This card is my pick for top sleeper right now. It will most definitely have its day in the sun, just wait. Ancient Greenwarden, or “Landharmonicon” as it has been called, not only allows you to double up on triggers from lands entering play; it can do some disgusting things when combined with Ashaya, Soul of the Wild. Unfortunately, for the moment this powerful green mythic drops to Akoum Hellhound’s previous spot, number eight.
4. Bloodchief's Thirst
Did anyone expect this card to see so little play when it was previewed? I sure didn’t expect it. Trust me, it’s only a matter of time until this card is the most important removal spell in standard. While it is a Sorcery, the flexibility that you gain from Bloodchief’s Thirst is undeniable. I would imagine that once the correct build of black based Aggro decks is found, this card will be a four-of in those lists. Clerics seems like a good place to start, so you may see something in that vein from me soon. I’m going to leave Bloodchief’s Thirst where it is for now, at number four.
3. Magmatic Channeler
We’ve finally arrived at a card you all knew would be somewhere on my top ten. I always have a card or two that I think would be really good in an Izzet style spells matter deck. It would seem that I chose wisely with this one, it is great in the Izzet decks that I have been working on. In a deck constructed to use a creature such as Magmatic Channeler, this card is good early and good late. In the early stages of the game it can help you dig into your deck for whatever you may need, and in the late game it comes down as a two-mana 4/4. What more could you ask for from you two drop? Due to some of the other cards that are entering my top ten though, Magmatic Channeler finds itself at number seven.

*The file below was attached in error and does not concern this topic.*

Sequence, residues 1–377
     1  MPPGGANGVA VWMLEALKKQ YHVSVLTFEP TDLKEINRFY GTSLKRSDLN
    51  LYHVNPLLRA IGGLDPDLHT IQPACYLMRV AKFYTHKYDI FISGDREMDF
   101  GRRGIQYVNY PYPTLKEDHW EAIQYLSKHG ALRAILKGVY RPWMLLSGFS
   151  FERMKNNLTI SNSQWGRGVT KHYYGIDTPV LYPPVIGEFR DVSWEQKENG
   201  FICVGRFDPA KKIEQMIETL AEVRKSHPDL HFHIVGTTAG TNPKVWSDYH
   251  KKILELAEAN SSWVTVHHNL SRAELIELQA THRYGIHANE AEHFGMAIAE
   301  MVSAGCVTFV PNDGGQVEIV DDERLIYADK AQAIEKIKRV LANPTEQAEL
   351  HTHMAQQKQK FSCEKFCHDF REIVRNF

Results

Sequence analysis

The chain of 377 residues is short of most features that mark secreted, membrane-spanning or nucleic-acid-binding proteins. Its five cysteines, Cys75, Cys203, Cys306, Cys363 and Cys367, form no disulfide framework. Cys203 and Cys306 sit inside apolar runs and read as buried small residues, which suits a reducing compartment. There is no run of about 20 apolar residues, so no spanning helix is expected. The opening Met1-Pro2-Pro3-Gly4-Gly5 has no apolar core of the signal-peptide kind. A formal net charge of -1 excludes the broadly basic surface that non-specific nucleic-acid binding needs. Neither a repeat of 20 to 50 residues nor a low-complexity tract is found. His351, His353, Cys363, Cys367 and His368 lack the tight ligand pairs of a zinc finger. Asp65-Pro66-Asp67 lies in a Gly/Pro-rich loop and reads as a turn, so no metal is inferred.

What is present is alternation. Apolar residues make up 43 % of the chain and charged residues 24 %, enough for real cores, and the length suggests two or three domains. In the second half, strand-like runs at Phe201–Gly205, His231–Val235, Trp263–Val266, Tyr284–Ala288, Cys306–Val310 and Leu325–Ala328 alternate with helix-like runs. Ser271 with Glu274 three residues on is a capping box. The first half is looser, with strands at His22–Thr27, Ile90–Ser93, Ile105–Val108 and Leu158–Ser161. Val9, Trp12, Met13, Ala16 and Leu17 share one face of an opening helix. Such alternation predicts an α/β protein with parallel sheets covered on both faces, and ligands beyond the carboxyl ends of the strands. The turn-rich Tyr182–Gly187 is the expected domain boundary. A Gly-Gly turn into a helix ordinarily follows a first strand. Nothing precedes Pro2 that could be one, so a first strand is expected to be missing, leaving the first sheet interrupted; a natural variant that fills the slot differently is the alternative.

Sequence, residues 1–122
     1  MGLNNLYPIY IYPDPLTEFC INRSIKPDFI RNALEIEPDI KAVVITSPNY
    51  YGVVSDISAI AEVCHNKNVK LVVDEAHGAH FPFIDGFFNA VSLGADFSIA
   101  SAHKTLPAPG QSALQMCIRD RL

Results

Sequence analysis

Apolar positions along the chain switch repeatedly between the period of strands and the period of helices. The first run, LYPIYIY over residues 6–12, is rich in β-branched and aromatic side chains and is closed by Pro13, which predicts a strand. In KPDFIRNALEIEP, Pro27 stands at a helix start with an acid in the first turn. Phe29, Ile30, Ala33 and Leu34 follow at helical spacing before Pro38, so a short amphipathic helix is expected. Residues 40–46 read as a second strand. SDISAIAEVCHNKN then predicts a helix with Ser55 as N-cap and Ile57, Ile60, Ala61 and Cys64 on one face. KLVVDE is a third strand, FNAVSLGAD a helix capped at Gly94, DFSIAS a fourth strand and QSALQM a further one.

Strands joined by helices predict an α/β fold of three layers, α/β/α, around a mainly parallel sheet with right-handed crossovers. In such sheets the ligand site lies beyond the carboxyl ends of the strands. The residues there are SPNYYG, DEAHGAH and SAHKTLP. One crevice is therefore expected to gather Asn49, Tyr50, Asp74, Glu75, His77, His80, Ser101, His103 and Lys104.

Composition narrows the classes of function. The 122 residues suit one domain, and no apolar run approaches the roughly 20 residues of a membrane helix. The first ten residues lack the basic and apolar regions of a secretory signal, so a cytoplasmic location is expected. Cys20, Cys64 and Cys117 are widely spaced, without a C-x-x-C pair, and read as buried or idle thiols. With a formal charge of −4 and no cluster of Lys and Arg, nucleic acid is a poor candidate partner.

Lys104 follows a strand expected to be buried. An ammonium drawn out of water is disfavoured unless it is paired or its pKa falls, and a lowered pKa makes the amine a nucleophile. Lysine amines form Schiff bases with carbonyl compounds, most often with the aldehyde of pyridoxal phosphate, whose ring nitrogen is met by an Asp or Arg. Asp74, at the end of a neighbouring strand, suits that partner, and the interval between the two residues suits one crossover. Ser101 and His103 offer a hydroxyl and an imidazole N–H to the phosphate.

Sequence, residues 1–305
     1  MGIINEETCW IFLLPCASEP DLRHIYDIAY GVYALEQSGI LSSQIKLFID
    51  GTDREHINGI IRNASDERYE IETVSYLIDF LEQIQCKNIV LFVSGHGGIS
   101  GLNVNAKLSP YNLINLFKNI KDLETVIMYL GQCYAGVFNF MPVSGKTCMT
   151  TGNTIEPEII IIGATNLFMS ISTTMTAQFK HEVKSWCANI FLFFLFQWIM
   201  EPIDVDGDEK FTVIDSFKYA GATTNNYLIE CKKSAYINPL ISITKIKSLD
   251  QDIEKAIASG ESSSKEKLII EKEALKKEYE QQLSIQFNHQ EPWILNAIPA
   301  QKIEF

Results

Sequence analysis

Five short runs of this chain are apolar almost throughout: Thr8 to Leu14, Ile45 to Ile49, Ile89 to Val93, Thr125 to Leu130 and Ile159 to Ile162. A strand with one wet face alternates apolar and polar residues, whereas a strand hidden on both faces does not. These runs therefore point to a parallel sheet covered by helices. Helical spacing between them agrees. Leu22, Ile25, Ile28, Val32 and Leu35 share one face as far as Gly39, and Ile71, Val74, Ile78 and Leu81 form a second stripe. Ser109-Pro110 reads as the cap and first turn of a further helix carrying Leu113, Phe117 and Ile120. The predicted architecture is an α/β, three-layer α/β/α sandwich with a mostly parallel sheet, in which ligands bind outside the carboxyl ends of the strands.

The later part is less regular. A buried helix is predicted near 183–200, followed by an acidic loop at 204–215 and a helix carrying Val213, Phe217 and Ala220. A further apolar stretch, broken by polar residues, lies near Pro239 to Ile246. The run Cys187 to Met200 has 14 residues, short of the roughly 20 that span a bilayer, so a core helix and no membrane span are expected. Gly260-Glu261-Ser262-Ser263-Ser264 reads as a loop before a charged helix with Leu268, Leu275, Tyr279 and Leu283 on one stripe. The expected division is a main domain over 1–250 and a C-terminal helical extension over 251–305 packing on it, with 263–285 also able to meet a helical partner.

2. Zareth San, the Trickster / Rogues
During preview season there was a lot of talk about rogues and the tribe as it is represented in Zendikar Rising. Many players were split on the tribe’s playability and power level. I was on the side that thought the archetype could hold its own and have legs in the format. I still believe that the current build just hasn’t been found yet, but we’re on the right track. Zareth San, the Trickster is the real deal. This has been the top end of the version of Rogues that I’ve enjoyed the most. His ninjitsu-like ability has been instrumental in many of my wins with the archetype. This card, as well as Soaring Thought-Thief, are why this deck is poised to break out when the moment is right. Don’t be surprised if Zareth San and his band of Rogues steals a tournament or two in the near future. Zareth San, the Trickster will be staying where he is.